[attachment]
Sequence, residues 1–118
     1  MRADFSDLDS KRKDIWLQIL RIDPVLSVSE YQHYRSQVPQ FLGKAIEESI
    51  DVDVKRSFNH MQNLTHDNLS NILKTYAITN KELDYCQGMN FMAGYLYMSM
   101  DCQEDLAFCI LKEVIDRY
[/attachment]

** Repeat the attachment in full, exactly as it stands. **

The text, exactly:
Sequence, residues 1–118
     1  MRADFSDLDS KRKDIWLQIL RIDPVLSVSE YQHYRSQVPQ FLGKAIEESI
    51  DVDVKRSFNH MQNLTHDNLS NILKTYAITN KELDYCQGMN FMAGYLYMSM
   101  DCQEDLAFCI LKEVIDRY